Build dense, but mid-rise, argues Hank Dittmar, former Chairman of the Congress for the New Urbanism
Again and again, it’s been demonstrated that you can achieve the densities needed to support public transport and greener living with mid-rise, mixed-use blocks like those in London’s Marylebone, the centre of Paris, New York’s Greenwich Village or Boston’s Back Bay. These areas all maintain high values many decades after they were built, and they support a lively mix of shops, cafés and work spaces, ensuring safe, walkable, lively streets.
A study by Savills for the Prince’s Foundation found that historic urbanism and traditional urbanism consistently generated higher returns on sale and resale than conventional suburban development.
Today’s fashion for building high-rise apartment towers and selling them to investors seemed initially to guarantee high returns. The glass-sheathed tower is familiar to buyers from Singapore and other Asian cities, and those who bought off plan were promised 20-30% returns upon completion. Now we are seeing a very full supply of these buildings in hot cities from Vancouver to London to Sydney. But hundreds of towers are approved and not yet built, possibly exceeding the demand for luxury and buy-to-let flats.
Low- to mid-rise housing at various price points are what we need more of: terraces and row houses, four-to-eight storey mansion flats, and small mixed-use buildings. In short, urbanism.
The benefits of high-rise development, from Steve Watts, Chair, Council on Tall Buildings and Urban Habitat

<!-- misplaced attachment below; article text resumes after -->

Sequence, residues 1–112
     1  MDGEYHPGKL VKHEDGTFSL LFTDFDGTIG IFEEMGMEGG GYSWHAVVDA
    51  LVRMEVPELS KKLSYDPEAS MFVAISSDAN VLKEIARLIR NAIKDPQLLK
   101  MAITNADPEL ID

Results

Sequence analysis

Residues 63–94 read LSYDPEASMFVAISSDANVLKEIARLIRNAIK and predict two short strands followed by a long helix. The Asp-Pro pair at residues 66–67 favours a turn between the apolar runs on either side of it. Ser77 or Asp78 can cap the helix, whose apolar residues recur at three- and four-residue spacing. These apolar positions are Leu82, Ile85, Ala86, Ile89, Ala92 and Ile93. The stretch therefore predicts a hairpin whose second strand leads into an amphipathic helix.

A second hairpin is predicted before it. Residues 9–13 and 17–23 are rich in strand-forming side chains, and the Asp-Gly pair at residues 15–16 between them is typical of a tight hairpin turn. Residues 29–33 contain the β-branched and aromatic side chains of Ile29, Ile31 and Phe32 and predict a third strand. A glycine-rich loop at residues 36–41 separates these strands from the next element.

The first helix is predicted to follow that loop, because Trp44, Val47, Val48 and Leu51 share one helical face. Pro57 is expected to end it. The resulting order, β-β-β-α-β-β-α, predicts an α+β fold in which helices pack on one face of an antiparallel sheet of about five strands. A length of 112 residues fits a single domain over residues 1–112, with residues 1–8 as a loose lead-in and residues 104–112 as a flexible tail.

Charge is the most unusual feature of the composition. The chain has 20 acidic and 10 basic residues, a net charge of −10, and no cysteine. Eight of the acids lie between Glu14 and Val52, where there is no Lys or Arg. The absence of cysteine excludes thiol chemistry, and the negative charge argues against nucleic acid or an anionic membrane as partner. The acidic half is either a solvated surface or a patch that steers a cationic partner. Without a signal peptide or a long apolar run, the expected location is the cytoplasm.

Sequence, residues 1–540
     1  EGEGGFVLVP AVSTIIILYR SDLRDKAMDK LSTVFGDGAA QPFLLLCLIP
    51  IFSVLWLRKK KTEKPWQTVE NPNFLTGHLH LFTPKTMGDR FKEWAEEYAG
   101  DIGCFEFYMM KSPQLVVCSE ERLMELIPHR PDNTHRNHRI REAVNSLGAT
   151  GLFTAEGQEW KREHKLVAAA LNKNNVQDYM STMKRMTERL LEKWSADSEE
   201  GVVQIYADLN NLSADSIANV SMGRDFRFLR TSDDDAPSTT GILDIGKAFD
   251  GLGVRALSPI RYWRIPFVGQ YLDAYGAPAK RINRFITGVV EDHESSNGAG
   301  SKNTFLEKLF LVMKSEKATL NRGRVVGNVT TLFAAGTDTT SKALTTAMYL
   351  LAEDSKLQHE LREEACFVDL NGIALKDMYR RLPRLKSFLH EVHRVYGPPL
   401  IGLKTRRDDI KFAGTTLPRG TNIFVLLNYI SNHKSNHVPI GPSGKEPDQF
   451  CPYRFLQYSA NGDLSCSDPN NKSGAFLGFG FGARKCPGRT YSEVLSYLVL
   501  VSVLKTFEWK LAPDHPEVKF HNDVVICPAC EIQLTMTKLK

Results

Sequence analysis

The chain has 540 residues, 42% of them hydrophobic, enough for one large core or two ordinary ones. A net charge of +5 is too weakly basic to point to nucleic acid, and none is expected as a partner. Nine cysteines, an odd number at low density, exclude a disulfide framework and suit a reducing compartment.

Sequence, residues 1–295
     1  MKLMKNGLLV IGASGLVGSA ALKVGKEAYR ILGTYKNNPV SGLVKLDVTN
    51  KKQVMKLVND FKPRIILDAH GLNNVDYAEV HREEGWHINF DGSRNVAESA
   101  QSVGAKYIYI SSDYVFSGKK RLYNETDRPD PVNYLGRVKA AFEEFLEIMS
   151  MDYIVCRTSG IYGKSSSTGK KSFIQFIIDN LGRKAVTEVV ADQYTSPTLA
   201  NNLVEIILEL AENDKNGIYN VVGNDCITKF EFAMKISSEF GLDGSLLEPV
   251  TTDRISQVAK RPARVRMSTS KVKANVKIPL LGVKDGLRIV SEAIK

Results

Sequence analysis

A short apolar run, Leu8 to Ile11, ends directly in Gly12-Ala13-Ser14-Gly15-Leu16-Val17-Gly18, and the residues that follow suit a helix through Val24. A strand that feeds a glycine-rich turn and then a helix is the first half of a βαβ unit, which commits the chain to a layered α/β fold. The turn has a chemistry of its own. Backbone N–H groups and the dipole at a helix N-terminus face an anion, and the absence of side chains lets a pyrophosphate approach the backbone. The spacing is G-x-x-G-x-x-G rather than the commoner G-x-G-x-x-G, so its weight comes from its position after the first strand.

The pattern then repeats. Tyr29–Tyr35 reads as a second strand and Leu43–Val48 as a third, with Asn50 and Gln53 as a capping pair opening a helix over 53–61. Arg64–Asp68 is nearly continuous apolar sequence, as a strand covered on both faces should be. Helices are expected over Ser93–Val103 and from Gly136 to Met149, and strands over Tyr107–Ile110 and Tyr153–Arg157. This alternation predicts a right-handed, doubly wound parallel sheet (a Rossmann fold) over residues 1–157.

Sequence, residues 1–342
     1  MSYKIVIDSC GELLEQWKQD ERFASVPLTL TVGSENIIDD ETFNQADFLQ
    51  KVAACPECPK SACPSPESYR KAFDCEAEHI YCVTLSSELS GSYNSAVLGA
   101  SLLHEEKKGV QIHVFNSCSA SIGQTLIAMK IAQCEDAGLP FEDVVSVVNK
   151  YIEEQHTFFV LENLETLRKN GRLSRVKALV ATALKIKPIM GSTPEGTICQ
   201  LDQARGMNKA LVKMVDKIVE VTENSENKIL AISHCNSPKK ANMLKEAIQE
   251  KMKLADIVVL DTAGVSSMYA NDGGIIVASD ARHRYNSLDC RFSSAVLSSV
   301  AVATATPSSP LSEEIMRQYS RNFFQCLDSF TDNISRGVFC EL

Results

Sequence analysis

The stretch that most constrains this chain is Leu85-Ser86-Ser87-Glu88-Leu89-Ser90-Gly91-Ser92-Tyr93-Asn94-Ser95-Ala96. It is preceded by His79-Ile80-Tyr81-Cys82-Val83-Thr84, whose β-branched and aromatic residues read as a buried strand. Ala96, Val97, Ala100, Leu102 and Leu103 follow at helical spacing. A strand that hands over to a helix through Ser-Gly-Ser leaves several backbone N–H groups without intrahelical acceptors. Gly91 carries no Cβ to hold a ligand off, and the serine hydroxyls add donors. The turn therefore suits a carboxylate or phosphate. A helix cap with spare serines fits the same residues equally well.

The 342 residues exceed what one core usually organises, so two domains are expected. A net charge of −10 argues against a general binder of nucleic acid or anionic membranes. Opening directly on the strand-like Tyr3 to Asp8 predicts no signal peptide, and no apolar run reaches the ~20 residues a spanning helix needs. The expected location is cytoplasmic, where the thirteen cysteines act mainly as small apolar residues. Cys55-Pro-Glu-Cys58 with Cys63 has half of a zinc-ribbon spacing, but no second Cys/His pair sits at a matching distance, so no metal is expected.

An explosion in population and the advance of megacities means that the world will need to accommodate more city dwellers with finite resources, including land. This implies some form of urban densification, and tall buildings will be part of the answer – but not the end-all solution. The key will be to get a good mix of stock, with just as much attention paid to the spaces in between, to ensure that there is both a physical and social infrastructure. In many global cities, questions are being asked about the affordability of luxury residential towers in the pipeline, and the impacts they will have on social cohesion.
The right tall buildings in the right places can certainly enhance the environment in its widest sense, as long as they are designed well, and within the framework of a strategic urban plan. As well as being functional, cities also need an allure, and well-designed tall buildings can be delightful as well as hard-working.
From a sustainability perspective, the answer is not always straightforward, with the increased resources consumed in building high balanced by the more efficient use of transport infrastructure that they encourage. In years to come, as the tension between population numbers and resources increases, a high-rise solution may take a different turn; for example, as high-level building connections – such as sky streets – replicate the street life we traditionally find on the ground. A technological step-change may also make tall buildings lighter, more efficient and more cost-effective to produce.